If A,C are fixed, and B is variable but nice (low-rank), then you want what is called "Cholesky update". If A,B,C are fixed, then probably you should not be picky about how the blocking is done, and you want to use a standard "block Cholesky". I have not found a clear answer for A,C fixed, B variable and not nice (I can ask around, so let me know if that really is your case).
Rank one updates, chol(A) to chol(A+xx*), are easy and safe. Rank one "downdates", chol(A) to chol(A-xx*), are easy but require a little care: stable algorithms are given in Stewart's Matrix Algorithms Vol 1, Algorithm 4.3.8, p. 347. Chapter 12.5 of Golub–Van Loan has some similar stuff, and Cholesky down-dating in 12.5.4. This function has been widely implemented, and the cholupdate command in matlab dates back to 1979 code from LINPACK.
[0,B*;B,0] is a sum of rank one matrices, and so by updating and downdating those rank one guys, you could probably get what you want, and it might even be faster than chol(Q). However, it can be a lot better to update more ranks at a time.
Apparently this is a common request in machine learning, and M. Seeger wrote a technical report on this problem of low rank updates to a Cholesky factorization, and mentions several common pitfalls, especially as regards to actually doing it with existing software.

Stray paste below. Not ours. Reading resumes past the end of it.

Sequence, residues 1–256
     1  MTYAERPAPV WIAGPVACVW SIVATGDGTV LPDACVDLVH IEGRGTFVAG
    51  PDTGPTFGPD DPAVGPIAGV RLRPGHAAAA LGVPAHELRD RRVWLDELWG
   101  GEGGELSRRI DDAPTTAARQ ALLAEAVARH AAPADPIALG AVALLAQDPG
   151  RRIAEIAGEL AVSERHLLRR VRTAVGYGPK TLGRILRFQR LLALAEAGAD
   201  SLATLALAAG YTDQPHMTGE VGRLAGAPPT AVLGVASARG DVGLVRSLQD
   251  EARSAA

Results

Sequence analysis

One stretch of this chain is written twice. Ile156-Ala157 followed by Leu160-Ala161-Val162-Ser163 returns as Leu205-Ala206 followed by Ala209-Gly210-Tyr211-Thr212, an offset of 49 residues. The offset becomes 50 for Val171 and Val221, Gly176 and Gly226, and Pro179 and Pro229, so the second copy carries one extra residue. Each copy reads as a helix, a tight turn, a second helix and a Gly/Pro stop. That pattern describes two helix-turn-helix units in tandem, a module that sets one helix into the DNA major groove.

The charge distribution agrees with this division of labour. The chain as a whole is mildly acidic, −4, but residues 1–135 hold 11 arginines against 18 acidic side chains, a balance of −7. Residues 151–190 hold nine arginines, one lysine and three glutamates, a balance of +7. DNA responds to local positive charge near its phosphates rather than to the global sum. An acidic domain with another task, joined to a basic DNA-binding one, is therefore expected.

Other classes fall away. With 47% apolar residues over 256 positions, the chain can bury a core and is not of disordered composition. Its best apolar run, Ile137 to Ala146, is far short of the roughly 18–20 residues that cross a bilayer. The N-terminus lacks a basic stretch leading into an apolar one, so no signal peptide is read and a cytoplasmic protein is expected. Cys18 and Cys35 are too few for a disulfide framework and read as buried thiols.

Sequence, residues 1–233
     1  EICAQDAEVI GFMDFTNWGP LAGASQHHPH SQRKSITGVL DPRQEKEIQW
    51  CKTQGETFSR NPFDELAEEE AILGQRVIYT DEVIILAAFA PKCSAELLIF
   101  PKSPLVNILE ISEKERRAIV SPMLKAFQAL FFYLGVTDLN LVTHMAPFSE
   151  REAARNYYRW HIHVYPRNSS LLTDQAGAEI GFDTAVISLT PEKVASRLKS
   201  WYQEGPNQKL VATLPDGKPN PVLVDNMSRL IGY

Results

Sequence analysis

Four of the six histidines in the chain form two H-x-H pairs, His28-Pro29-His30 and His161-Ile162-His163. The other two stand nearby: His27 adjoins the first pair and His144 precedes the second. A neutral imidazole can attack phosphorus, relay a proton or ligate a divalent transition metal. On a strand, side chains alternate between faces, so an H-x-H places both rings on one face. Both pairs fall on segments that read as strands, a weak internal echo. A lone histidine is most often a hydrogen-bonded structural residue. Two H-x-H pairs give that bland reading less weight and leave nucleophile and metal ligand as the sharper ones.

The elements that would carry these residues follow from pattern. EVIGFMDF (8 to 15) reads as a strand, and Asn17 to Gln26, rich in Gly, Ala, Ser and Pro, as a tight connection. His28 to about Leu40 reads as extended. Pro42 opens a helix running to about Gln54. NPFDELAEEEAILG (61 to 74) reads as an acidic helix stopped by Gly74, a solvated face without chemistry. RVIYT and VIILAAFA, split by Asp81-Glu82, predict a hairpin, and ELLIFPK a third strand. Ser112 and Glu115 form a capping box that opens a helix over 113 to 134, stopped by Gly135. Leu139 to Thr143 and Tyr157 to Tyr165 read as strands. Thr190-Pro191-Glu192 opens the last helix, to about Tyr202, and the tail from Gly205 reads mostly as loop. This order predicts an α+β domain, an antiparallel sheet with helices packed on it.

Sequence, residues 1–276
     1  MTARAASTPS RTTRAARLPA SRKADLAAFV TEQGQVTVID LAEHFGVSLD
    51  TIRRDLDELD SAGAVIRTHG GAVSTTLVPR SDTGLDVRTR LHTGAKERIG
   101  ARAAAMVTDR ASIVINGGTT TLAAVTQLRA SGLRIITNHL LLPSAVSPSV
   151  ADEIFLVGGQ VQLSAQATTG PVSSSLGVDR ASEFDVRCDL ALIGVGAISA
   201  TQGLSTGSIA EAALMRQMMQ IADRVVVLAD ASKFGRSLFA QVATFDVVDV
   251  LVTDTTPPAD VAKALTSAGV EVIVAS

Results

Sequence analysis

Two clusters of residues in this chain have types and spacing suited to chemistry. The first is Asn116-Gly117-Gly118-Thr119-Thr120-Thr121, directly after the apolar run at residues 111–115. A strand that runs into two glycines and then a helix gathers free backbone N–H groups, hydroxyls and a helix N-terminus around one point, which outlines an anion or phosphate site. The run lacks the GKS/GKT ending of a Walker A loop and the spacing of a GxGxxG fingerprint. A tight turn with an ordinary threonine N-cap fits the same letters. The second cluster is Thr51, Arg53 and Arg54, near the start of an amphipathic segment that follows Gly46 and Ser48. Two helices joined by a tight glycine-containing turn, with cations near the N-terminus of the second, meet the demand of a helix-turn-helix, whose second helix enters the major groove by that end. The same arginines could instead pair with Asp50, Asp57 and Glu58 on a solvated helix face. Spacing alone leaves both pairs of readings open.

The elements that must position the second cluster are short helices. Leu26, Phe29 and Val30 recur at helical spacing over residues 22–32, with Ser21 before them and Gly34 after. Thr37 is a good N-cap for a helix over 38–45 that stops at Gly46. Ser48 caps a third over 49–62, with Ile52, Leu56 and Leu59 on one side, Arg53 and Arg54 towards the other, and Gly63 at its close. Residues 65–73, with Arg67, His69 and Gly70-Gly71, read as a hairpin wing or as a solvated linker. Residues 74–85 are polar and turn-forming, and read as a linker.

A more scholarly (and older) treatment is in section 3 of this article version of Ch. 12.5 of GvL:
Gill, P. E.; Golub, G. H.; Murray, W.; Saunders, M. A. "Methods for modifying matrix factorizations."
Math. Comp. 28 (1974), 505–535.
Davis and Hager in MR1824053 note that algorithm C1 can be used for a reasonably efficient, multiple rank, single pass, update of a dense matrix (and go on to describe sparse techniques).
Note that these mostly do not take advantage of the block structure of [0,B*;B,0], so you might find something better that is more specialized.
Blocking the Cholesky decomposition is often done for an arbitrary (symmetric positive definite) matrix. I didn't immediately find a textbook treatment, but the description of the algorithm used in PLAPACK is simple and standard.
In their algorithm they do not use the factorization of C, just of A. That allows them to reduce the problem of chol([A,B*;B,C]) to just chol(A) and chol(Q). The point of the algorithm is that you do not choose A and C to have the same size. You choose A to fit nicely in cache, and do your work at a higher BLAS level. In other words, A is a real block, and C is just leftover garbage you'll need to sweep up next.
In particular, C is discarded and replaced by Q during the algorithm, but chol(Q) is also computed by decomposing Q itself into a block matrix. This means that the algorithm is discarding any information you had about C, so if C is fixed while B varies, this would be quite wasteful.